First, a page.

Epidemiological, clinical, and laboratory findings for patients of different age groups with confirmed coronavirus disease 2019 (COVID-19) in a hospital in Saudi Arabia

PLoS One. 2021 Apr 29;16(4):e0250955. doi: 10.1371/journal.pone.0250955. eCollection 2021.


Background: Although the coronavirus disease 2019 (COVID-19) pandemic continues to rage worldwide, clinical and laboratory studies of this disease have been limited in many countries. We investigated the epidemiologic, clinical, and laboratory findings of COVID-19 infected patients to identify the effective indicators correlated with the disease.

Methods: A retrospective study was conducted at King Abdullah Hospital in Bisha Province, Saudi Arabia, from March 20 to June 30, 2020. Patients of different age groups were confirmed as having COVID-19 infection using a real-time polymerase chain reaction. The demographic, clinical, and laboratory data of the patients were statistically analyzed.

Results: Of the 132 patients, 85 were male and 47 were female, with a mean age of 50.9 years (SD±16.7). The patients were elderly (n = 29) and adults (n = 103). Of these, 54 (40.9%) had comorbidities, (25%) were admitted to the intensive care unit (ICU), and 12 (9.1%) died. On admission, the main clinical manifestations were fever (84.1%), cough (64.4%), shortness of breath (25%), chest pain (20.5%), and fatigue (18.2%). In all patients, increased neutrophils and decreased lymphocytes were observed. Patients' lactate dehydrogenase (LDH) was elevated. C-reactive protein (CRP) was elevated in 48.5%, D-dimer in 43.2%, and the erythrocyte sedimentation rate (ESR) in 40.9% of patients. The elderly showed higher neutrophil (p = 0.011) and lower lymphocyte (p = 0.009) counts than adults. Glucose, creatine kinase-MB, LDH, bilirubin, D-dimer, and ESR were significantly higher in the elderly than in the adults. The COVID-19 death group had a higher leucocyte count (p = 0.036), and higher urea (p = 0.029) and potassium (p = 0.022) than the recovered group but had a lower hemoglobin concentration (p = 0.018). A significant association was determined between COVID-19 death and the presence of cardiovascular disease (χ2(1) = 16.297, p<0.001), hypertension (χ2(1) = 12.034, p = 0.001), renal failure (χ2(1) = 3.843, p = 0. 05), old age (t (130) = 4.9, p <0.001), and ICU admission (χ2(1) = 17.6 (1), p<0.001).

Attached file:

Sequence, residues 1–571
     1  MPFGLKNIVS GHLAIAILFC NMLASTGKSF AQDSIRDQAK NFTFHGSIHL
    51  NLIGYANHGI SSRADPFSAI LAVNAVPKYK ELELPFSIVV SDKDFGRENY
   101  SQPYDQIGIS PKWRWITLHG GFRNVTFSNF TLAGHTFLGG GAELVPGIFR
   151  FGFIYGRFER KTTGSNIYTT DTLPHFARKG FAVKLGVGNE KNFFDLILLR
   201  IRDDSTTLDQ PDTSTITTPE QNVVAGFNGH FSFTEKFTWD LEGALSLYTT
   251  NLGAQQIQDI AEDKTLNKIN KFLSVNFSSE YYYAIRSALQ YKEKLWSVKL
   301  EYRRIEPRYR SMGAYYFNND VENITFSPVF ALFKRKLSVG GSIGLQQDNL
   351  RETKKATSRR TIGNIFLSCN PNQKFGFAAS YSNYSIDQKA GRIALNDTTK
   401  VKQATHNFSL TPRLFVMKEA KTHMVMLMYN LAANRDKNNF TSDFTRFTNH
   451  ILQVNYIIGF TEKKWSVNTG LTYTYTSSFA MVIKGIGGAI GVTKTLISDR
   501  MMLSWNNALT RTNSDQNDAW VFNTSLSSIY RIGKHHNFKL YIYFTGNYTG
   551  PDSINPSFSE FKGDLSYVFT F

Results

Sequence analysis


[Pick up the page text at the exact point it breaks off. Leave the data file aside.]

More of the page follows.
Conclusions: Investigating some of the laboratory and clinical parameters could help assess the disease progression, risk of mortality, and follow up patients who could progress to a fatal condition.

Publication types

  • Research Support, Non-U.S. Gov't

MeSH terms

  • Adolescent
  • Adult
  • Age Factors
  • Aged
  • Blood Sedimentation
  • COVID-19 / blood
  • COVID-19 / complications
  • COVID-19 / diagnosis*
  • COVID-19 / epidemiology*
  • Chest Pain / complications
  • Cough / complications
  • Dyspnea / complications
  • Female
  • Fever / complications
  • Fibrin Fibrinogen Degradation Products / analysis
  • Hospitalization
  • Humans
  • Intensive Care Units
  • Male
  • Middle Aged
  • Retrospective Studies
  • SARS-CoV-2 / isolation & purification
  • Saudi Arabia / epidemiology
  • Young Adult


  • Fibrin Fibrinogen Degradation Products
  • fibrin fragment D

Grants and funding

Funding: This research was funded by Deanship of Scientific Research, University of Bisha, Saudi Arabia (https://www.ub.edu.sa/web/dsr) (Grant number: UB-COVID-13-1441) to MEI, MMA, OSA and MAA. The funders had no role in study design, data collection and analysis, decision to publish, or preparation of the manuscript.